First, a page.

Taiwan is planning to ask tech giants Google and Apple to remove Uber from their app stores in Taiwan Adam Berry/Getty Images

Taiwan is reportedly planning to ask Google and Apple to remove popular ride-hailing service Uber's apps from their app stores in the country. Citing a government official, Reuters reports that Taiwan's request to have the app removed from the Google Play Store and Apple's App Store stems from the company's classification as a technology company rather than a transportation provider within the island nation.

Taiwanese authorities argue that it is a misrepresentation of its service, ordering the company to pay back taxes.

"Uber has not done what it says it will do, so we are looking at another way by requesting its apps be removed from Apple and Google (app stores)," Liang Guo-guo, a spokesman for Taiwan's Directorate General of Highways, told Reuters.

Liang added that the company's UberEats food delivery service's app which was launched earlier this week in Taiwan, would also be removed.

UberEats, which was launched in Taiwan on Tuesday (15 November), has already been penalised by Taiwanese transportation authorities through fines issued to motorcylists who deliver the food orders; their vehicle licences have also been suspended for two to six months.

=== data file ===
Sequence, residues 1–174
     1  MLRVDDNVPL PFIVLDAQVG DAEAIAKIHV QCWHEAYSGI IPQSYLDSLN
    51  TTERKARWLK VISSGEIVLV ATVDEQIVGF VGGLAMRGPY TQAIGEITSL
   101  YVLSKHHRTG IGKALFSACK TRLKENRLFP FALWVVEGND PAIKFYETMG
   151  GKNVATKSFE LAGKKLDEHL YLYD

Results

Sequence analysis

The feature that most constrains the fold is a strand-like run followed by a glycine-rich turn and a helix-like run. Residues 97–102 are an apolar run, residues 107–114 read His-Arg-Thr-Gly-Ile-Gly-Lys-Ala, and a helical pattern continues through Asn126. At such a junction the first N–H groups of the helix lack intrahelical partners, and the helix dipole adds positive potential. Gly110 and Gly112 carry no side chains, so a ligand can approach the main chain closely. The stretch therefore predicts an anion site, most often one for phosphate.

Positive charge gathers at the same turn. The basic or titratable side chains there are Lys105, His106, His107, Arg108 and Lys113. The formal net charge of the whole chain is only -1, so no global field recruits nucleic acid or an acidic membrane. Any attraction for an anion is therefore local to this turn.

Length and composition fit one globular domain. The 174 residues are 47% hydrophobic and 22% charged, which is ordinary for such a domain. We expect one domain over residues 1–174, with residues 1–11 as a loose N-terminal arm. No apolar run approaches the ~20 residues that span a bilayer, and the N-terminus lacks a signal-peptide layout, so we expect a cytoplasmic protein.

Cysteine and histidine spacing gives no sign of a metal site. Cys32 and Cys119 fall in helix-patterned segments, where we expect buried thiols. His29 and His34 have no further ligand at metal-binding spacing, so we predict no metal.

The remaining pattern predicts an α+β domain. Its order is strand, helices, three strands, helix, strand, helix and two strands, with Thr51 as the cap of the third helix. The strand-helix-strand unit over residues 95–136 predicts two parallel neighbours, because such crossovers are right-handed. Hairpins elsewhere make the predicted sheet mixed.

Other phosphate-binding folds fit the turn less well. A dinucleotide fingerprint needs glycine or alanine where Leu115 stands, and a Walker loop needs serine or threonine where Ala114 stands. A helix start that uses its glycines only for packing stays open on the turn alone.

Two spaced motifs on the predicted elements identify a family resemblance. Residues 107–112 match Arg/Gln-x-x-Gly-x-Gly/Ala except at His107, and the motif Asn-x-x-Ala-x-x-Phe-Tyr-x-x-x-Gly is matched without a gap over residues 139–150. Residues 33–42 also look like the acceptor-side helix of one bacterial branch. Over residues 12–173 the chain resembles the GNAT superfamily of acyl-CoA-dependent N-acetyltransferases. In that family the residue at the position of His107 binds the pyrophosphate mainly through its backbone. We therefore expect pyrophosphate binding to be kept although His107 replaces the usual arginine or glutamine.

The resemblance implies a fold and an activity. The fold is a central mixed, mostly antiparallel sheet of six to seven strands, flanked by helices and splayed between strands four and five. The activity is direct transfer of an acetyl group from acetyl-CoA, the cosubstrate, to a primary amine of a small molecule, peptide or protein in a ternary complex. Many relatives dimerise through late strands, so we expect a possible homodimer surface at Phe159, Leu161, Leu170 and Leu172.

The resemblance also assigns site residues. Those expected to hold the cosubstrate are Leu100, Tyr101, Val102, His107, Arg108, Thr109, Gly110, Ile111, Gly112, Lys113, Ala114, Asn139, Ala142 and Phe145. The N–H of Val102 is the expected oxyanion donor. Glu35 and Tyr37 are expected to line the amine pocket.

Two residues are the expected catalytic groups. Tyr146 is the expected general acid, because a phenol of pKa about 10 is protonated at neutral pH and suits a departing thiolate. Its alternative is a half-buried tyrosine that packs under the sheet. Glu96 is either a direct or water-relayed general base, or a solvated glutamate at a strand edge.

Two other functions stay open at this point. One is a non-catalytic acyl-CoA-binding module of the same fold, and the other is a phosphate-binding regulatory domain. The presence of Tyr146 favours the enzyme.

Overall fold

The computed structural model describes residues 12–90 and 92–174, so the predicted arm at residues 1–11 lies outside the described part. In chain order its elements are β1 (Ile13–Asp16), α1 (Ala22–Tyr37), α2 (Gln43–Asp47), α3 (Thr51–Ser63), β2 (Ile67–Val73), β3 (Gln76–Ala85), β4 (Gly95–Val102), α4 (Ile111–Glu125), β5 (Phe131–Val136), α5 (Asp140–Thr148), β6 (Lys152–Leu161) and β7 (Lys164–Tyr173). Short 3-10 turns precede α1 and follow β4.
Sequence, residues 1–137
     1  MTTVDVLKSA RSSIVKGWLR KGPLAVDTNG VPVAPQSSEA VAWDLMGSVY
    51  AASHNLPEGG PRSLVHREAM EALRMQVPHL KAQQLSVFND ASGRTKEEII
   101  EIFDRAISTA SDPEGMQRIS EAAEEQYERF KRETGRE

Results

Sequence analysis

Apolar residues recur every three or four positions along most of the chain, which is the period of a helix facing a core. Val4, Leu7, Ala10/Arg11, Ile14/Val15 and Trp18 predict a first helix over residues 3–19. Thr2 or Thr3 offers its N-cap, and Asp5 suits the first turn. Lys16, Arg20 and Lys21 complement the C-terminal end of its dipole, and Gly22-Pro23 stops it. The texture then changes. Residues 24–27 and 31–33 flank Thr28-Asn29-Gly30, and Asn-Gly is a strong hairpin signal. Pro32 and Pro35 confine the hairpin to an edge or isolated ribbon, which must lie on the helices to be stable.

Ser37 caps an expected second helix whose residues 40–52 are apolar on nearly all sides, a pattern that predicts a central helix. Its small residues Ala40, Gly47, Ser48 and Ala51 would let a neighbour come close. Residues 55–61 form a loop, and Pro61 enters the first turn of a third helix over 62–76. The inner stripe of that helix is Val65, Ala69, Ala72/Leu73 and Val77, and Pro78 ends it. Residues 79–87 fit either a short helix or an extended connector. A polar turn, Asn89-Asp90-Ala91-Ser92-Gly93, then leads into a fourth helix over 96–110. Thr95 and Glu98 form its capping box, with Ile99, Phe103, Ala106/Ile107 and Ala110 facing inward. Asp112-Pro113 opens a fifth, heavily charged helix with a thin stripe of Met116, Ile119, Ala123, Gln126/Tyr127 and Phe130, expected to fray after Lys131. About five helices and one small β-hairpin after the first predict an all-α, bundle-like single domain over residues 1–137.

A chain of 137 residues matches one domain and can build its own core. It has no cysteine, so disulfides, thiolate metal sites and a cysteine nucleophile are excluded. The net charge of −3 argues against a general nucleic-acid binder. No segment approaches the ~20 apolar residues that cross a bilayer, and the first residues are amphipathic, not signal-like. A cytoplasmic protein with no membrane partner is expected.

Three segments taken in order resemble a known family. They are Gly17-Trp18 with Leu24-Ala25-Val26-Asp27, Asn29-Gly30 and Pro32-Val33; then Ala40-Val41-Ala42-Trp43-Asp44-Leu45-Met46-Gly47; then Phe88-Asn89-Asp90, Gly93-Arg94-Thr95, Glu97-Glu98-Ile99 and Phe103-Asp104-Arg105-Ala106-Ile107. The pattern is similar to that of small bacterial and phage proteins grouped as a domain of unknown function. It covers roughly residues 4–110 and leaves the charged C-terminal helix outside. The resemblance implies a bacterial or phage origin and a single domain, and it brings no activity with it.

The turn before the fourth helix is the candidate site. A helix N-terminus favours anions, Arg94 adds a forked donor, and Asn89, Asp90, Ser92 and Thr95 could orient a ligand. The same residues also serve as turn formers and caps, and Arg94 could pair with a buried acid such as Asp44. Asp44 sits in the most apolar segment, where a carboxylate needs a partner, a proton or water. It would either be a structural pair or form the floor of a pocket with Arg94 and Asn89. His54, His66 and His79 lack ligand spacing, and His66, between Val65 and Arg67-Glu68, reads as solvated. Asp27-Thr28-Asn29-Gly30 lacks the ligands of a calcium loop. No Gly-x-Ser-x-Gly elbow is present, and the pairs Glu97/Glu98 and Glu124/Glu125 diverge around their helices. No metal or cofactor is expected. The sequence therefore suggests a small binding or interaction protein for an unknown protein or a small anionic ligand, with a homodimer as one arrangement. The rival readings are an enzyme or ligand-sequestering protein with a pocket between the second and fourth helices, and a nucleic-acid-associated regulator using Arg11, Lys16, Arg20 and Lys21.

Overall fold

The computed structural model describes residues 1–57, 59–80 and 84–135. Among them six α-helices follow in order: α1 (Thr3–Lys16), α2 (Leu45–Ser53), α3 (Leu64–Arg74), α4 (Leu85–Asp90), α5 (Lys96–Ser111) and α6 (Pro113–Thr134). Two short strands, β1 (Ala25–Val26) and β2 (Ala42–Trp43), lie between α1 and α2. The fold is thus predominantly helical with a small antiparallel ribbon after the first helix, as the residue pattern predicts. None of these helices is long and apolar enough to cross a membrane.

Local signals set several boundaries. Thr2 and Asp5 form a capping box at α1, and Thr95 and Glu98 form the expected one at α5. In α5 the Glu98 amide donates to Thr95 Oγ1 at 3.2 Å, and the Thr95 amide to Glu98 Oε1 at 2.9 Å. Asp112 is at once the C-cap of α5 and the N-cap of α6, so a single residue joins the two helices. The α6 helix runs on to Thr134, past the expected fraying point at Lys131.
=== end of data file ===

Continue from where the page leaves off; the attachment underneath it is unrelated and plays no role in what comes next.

The Directorate-General of Highways said it would continue to target Uber delivery drivers as long as the company continues to provide the service 'illegally', the Taipei Times reports.

In August, Taiwan's Investment Commission said Uber might be asked to leave the Taiwan market over the company's alleged misrepresentation of its business.

Uber has reportedly said it does abide by local regulations and is communicating with Taiwanese authorities regarding the matter.

Reuters reports that a Google spokesperson pointed the publication to its app store's policies that say the tech giant does not permit "apps that facilitate or promote illegal activities". Apple and Uber did not respond to the publication's requests for comment.

"We are a technology company, and we're not regulated as a transportation company anywhere in the world," Uber's senior vice president of policy and strategy David Plouffe told Reuters earlier this month. "I think here in Taiwan the government understands and embraces ride-sharing. That's a great start... But you also have to understand that you have to have the right regulatory environment to allow that to flourish. That's the challenge."